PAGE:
To make a phone stand I took larger acrylic piece. In this case I need to make two bends. This is much larger surface, so it took me around 5 minutes for each bend until the acrylic softened enough.
Heating is a slow process, and requires a lot of patience. But, you really need to make sure that you get a straight bend, which is in fact your final goal. The softening time depends on the thickness of the acrylic, as well as the size of the surface that we need to bend.
With these two bends I created a phone stand in less than 15 minutes, which is pretty awesome.
Why you need to keep 15 cm distance between the acrylic and the heat source?
The answer is very simple: to avoid air bubbles which could damage the acrylic. In the picture you can see how those bubbles look like. In the beginning, I kept the acrylic too close to the stove, and you can notice that after a few seconds a lot of bubbles appeared on the surface, and the acrylic softened a lot more than needed.
Also, if you stay in one spot for too long it means you don’t apply heat evenly to the bend line. This will again create bubbles into the acrylic that cannot be removed, which is something you really don’t want to happen.
And if you don’t apply heat evenly to the bend line, you won’t get a straight bend, or in the worst case, you’ll break the acrylic.
I’ve already used this method of bending acrylic in two of my previous videos. In the first video I’ve made Curved Wood and Acrylic LED Desk Lamp with Concrete Base, where I’ve bent one large piece of acrylic that needed to be a perfect fit for the wooden body of the lamp.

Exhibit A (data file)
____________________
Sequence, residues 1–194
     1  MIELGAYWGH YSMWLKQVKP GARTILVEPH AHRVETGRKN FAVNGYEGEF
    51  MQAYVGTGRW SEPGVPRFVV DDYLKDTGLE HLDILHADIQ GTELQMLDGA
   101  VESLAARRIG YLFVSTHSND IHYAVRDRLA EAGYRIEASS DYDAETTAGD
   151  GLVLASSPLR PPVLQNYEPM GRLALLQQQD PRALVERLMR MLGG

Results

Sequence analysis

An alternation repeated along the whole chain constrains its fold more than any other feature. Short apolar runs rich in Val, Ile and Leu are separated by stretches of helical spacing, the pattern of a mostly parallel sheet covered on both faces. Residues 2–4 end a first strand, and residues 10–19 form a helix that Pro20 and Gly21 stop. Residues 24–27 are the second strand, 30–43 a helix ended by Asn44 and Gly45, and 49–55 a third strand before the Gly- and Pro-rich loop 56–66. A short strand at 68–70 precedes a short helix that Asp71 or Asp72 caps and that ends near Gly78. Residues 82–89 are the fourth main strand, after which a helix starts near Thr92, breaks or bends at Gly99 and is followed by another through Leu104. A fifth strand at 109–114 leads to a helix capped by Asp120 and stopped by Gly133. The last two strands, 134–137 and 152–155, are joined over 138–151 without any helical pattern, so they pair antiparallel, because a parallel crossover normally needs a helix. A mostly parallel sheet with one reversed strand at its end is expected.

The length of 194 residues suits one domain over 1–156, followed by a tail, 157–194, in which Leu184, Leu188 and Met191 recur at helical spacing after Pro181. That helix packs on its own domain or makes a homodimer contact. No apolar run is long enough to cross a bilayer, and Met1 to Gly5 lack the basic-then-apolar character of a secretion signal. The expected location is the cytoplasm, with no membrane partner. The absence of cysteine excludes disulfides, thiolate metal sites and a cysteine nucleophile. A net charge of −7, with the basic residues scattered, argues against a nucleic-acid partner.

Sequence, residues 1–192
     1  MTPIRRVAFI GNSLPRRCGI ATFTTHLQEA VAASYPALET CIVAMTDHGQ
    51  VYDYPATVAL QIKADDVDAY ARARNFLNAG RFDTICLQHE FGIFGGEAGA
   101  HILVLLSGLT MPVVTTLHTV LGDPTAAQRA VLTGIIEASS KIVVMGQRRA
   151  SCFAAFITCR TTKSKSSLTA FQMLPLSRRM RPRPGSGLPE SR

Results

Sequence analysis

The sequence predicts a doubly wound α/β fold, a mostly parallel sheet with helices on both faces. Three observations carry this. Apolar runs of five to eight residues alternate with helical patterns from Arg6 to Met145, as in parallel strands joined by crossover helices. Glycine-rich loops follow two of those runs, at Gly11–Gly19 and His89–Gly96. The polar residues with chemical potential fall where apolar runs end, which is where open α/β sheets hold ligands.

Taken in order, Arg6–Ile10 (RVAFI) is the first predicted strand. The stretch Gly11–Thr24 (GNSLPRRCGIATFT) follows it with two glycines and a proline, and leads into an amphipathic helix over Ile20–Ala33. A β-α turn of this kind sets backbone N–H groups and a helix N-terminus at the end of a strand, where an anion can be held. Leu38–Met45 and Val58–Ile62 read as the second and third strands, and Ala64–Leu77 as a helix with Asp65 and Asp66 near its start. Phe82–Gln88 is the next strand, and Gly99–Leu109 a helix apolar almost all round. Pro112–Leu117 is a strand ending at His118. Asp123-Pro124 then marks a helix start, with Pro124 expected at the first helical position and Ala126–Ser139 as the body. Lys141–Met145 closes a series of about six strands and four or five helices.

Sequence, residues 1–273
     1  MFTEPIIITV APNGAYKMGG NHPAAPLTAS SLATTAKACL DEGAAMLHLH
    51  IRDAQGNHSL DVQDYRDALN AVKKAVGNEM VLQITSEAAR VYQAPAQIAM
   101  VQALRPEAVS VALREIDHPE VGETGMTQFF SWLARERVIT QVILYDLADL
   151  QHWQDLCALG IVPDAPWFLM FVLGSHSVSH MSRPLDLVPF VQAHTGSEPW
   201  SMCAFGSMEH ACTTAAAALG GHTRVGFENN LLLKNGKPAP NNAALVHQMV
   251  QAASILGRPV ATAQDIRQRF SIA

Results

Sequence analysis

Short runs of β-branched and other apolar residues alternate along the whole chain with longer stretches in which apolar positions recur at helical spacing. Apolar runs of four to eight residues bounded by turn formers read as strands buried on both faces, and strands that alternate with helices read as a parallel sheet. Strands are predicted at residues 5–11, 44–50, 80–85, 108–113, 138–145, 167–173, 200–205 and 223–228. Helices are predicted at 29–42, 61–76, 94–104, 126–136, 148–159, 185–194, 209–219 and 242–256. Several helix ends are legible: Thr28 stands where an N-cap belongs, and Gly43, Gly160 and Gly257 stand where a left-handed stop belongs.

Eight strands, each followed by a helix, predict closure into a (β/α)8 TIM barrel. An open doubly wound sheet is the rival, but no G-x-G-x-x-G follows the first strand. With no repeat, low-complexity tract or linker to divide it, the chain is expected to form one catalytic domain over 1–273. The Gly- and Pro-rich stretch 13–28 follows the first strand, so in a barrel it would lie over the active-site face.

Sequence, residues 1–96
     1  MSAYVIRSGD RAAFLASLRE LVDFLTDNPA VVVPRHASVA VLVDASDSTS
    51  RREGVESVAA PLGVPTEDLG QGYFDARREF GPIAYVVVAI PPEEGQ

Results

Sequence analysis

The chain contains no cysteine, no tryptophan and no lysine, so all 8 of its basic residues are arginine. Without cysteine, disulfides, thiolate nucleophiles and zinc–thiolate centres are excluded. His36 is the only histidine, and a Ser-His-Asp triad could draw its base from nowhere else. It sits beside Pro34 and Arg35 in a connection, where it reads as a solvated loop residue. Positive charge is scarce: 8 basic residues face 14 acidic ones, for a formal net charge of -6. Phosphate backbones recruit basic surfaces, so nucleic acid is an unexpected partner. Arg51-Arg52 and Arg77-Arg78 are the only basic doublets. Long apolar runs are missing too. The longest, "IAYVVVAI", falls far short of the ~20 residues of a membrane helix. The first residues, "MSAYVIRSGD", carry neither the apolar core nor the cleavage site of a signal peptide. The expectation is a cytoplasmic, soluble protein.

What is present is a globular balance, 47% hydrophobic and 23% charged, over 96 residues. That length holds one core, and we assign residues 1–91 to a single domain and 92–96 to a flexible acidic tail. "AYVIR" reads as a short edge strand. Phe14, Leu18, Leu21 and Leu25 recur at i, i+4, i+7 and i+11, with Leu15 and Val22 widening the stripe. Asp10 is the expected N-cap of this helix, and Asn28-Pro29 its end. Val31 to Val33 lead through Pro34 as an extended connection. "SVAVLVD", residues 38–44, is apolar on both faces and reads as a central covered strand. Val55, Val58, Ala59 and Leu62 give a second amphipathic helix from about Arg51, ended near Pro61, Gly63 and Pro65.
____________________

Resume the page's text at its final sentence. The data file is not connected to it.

In the second video I’ve made Concrete and Acrylic LED Lamp with a Wooden Base, where I’ve bent tiny acrylic pieces which then I inserted into the concrete. So, you can check those videos out for more details.
If you want to make round shapes, for example circle, you actually have much larger surface for bending, so to soften the whole surface, you need to slowly move the acrylic piece back and forth for longer period.
I suggest using a can or something similar, and when the acrylic piece is soft enough, wrap it around the can.
Using the can, I slightly bent another long acrylic piece, and added a light source underneath. This way, I made a cool looking lamp.
You can also make different shapes freehand. I’ve made a bow out of a tiny acrylic piece and a spiral out of a larger one. I think they turned out pretty good.
This method might not be useful for larger pieces of acrylic, or for making some complex shapes and angles. However, if you don’t have an appropriate bending tool, it is definitely worth trying.
There are so many different DIY projects you can make using this simple method of bending acrylic. Plus, you can combine different materials like wood, concrete and some LED lights to bring your projects to a whole new level. Just use your creativity and make something amazing.
I hope you find this tutorial useful and you learned something new. If you have any questions or suggestions leave a comment down below. Don’t forget to like, share and subscribe to my YouTube channel.